Many demonstrations combined the improved technological capabilities sought by TARDEC with the ability to defeat IEDs and other threats. One such system was the Harris Robotics Red Hawk. Like other technologies on display, Red Hawk uses haptic [tactile] manipulation to provide realistic force feedback to controllers as they manipulate systems, allowing them to feel what the robot feels and more accurately defeat threats.
"There are four sensors that measure the contact forces so the haptic controller exerts the same force on your hands. The operator feels that force and the motion control mimics their movement. It essentially turns the robot into an extension of your own arm," said Paul Bosscher, Harris Robotics engineer.
"It's targeted at the EOD, or Explosive Ordnance Disposal, mission, where you need to have precision to defeat and dismantle an IED. However, we've also gotten a lot of support and interest from the Chem-Bio guys who need to go in and sample things. Infantry has shown interest too, if you need to use a robot in an area that's a threat, you can use the robot to put a key in a lock and open the lock and access a building without putting a Soldier there."
But the Robotics Rodeo is more than just a science and technology demonstration, it provides invaluable opportunities for industry and government partners to openly dialogue, understand needs and begin working toward solutions as a community. While some of the technology may not be ready-for-theater at the moment, the relationships formed at events like this become the catalyst toward matching new technologies with battlefield requirements.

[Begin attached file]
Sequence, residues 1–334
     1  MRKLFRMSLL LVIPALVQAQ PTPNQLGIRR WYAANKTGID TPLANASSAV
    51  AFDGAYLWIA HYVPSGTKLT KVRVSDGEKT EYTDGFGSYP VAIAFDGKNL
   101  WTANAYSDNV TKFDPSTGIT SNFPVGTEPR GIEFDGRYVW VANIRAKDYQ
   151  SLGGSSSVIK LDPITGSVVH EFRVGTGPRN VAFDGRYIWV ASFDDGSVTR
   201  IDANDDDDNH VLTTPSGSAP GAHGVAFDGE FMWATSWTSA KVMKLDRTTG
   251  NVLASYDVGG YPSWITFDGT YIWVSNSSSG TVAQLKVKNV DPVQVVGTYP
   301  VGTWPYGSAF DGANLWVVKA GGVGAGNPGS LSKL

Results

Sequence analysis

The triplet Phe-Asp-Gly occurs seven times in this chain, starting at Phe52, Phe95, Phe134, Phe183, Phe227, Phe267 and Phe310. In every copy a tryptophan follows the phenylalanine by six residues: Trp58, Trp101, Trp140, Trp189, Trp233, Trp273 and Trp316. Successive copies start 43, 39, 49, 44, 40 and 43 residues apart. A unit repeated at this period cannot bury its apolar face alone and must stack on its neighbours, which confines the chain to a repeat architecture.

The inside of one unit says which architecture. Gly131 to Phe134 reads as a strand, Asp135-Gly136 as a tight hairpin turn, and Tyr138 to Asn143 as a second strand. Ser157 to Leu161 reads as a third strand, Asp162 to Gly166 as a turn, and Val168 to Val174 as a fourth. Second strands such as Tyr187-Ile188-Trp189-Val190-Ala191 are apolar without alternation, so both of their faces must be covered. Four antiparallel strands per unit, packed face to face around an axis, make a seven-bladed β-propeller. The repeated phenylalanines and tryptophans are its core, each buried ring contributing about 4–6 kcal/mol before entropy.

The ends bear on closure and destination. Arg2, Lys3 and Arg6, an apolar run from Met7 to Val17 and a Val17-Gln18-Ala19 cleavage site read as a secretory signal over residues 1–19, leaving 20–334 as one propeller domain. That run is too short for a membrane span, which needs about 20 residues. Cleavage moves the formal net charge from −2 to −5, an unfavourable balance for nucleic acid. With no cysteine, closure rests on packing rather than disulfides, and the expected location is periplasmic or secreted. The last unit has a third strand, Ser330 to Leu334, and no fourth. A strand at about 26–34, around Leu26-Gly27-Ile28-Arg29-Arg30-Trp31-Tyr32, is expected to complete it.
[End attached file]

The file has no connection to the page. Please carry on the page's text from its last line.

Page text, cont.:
"The networking is overwhelmingly positive," said James Mullins, an engineer with Australian academic participant Centre for Intelligent Systems Research, or CISR, which also displayed new haptic control systems. "This is a cutting-edge technology and the feedback that we're getting is that it will take off. It's just a matter of time."
Many of these new technologies showcase new ways to pair Army needs with emerging capabilities. NaviStar displayed a MaxxPro mine-resistant, ambush-protected vehicle, known as an MRAP, equipped specifically to carry EOD robots and support IED defeat missions. The system caught the eye of Army officials who talked with NaviStar representatives about using one of their most successful systems to keep Soldiers safe and more effective.
"Purposeful designs are becoming more prevalent as robots have a larger position in the Army," said NaviStar's Brad Manson. "For the EOD role, the MRAP's very useful, because the vehicle's designed to take an IED blast from the ground up. If you're going to where the IEDs are and taking a robot with you, this is the truck to take you there."
The opportunity for collaborative discussion makes an event like Robotics Rodeo so fruitful and allows the Army to continue valuable partnerships, Miller said. "It's not a marriage that just comes together naturally," he concluded. "What I'd say to our partners in industry and academia is: 'we can't do it without you.'"